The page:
William Copley: the New York Years at Kasmin in New York features work from the era following the American Surrealist’s return to the city in 1963 after more than a decade as an expatriate in Paris. The paintings are full of American pathos: their content is said to spring from Copley’s repressive American childhood, and such an observation requires little digging for evidence. His humorous broaching of sexuality, religion and consumerism are delightfully ham-fisted, with a willingness to ladle muffled imagery out of the American subconscious and onto the canvas. In Untitled (Apples & Oranges) (1986), Copley paints two nudes dancing before a massive cross and a waterfall of flatly rendered apples and oranges cascading in the painting’s foreground while what appears to be a road map makes up the composition’s background. European Surrealism and American Pop are thrown together here with Copley’s absurdist humour on full tilt. Such works never rely on irony or punchlines to succeed, though; they are simply earnest paintings, keen enough to know that to deny humour is to deny reality.
The Tate Modern in London reopened this week with a major survey devoted to the Pop artist Andy Warhol (until 25 November). The retrospective, which was closed in mid-March in response to the coronavirus pandemic, features some of the artist’s best-known pieces, including Green Coca-Cola Bottles (1962) and the Screen Tests series (1964-66). The Ladies and Gentlemen series (1975) depicting African-American and Latinx transgender women is a major draw. The paintings were commissioned in 1974 by Warhol’s Italian dealer Luciano Anselmo, who asked the artist to depict “funny looking” drag queens. Warhol subsequently asked the writer and photographer Bob Colacello to find sitters, offering a $50 fee to each model. Colacello discovered prospective candidates in New York’s Gilded Grape club off Times Square, a magnet for members of the trans community. A selection of Warhol’s wigs, which he probably glued to his head, are another eye-opening addition.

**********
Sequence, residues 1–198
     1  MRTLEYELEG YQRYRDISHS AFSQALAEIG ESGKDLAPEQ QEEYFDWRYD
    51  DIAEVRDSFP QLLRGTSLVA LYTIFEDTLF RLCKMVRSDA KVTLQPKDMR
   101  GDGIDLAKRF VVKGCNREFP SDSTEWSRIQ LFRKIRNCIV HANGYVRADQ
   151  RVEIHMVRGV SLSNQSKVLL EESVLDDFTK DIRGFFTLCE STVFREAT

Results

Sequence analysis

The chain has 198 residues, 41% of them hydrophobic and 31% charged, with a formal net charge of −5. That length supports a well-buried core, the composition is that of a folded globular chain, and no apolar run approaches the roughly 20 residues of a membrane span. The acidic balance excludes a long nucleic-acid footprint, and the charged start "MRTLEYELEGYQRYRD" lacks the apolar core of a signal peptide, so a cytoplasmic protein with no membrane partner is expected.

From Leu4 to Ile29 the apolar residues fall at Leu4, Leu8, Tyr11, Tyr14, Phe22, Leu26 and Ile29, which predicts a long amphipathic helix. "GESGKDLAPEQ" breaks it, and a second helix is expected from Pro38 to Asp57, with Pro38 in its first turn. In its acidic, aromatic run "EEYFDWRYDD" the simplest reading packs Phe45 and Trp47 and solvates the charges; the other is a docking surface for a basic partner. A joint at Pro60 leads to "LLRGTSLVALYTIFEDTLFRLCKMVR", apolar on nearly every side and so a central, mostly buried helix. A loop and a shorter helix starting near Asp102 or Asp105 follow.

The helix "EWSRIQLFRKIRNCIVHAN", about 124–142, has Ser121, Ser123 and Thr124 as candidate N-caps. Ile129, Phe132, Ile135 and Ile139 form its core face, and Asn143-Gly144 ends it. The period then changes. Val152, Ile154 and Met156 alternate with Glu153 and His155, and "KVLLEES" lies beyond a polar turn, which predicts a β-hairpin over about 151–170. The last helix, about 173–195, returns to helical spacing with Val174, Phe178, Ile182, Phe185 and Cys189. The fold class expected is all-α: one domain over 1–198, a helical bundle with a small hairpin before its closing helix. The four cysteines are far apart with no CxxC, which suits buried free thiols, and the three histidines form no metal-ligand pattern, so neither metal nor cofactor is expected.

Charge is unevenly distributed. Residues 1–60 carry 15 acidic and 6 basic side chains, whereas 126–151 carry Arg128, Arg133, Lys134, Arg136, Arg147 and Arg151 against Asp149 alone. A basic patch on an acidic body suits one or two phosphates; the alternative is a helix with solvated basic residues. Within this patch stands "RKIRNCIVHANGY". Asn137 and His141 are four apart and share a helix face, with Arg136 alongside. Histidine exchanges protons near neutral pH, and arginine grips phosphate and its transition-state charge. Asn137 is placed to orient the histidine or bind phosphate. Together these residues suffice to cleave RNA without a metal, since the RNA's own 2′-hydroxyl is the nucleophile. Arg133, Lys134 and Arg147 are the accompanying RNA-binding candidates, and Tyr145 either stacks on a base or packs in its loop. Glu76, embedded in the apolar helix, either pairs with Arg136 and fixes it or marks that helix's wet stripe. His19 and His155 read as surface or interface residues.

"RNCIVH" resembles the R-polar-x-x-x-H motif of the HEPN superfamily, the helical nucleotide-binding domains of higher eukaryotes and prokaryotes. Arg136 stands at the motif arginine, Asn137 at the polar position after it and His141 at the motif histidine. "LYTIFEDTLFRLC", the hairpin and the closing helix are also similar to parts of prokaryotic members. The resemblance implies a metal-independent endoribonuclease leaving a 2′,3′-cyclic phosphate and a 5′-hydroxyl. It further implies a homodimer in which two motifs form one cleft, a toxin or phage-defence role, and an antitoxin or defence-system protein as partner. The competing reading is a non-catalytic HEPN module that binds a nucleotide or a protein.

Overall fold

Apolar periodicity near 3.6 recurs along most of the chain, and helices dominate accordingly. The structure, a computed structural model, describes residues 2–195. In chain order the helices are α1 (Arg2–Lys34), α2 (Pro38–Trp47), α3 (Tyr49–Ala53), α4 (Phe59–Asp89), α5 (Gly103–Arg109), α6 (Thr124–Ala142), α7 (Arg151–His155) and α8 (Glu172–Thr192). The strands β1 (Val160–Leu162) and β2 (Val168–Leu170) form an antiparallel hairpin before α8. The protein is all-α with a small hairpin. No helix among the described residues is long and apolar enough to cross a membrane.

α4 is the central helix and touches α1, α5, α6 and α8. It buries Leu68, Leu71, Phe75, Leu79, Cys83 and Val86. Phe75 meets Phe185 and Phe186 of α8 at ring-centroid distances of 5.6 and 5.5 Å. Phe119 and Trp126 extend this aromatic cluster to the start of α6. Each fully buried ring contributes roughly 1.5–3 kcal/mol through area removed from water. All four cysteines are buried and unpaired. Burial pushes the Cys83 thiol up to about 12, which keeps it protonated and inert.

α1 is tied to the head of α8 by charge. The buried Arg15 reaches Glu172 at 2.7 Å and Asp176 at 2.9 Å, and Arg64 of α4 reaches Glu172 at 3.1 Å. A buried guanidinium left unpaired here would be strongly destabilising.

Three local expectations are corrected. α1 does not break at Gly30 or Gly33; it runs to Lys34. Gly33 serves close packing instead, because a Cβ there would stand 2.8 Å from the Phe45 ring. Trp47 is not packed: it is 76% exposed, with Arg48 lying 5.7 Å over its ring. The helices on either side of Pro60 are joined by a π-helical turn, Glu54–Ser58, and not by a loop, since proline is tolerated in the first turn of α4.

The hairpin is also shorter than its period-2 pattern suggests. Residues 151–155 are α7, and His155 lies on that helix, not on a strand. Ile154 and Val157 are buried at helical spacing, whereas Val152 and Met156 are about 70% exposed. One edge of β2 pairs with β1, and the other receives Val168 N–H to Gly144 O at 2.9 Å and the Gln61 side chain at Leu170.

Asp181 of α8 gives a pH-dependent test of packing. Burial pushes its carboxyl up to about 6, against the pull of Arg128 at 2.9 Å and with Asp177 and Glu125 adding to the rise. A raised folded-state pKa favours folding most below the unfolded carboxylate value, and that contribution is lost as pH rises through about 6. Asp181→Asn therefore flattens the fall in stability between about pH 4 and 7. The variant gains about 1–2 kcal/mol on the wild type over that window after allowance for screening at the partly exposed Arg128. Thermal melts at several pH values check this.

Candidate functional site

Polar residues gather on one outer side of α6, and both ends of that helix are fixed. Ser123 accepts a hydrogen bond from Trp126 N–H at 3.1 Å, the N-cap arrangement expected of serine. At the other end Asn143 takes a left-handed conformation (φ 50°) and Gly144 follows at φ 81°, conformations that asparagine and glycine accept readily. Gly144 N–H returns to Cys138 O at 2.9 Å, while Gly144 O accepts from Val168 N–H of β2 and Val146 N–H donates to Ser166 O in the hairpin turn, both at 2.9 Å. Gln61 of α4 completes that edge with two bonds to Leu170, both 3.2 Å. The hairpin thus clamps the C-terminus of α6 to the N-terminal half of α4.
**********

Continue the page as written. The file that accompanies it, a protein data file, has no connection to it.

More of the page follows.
The Studio Museum in Harlem has organised the first online edition of its annual photography exhibition Expanding the Walls, which since 2001 has showcased the work of teenage students in New York City who completed an eight-month residency aimed at developing their artistic practice. While the programme typically offers a deep dive into darkroom techniques as well as a series of workshops and opportunities for students to engage with various contemporary artists, gallerists and other mentors, this year the Covid-19 pandemic presented an unprecedented set of challenges, forcing the students to complete their residencies from home. The images featured in the show Hearts in Isolation: Expanding the Walls, which were partly produced during this period of confinement in New York, poignantly capture the zeitgeist of the moment, from the bleak mood of the city during the months-long lockdown to idyllic moments at home that were afforded by the pandemic's slowdown.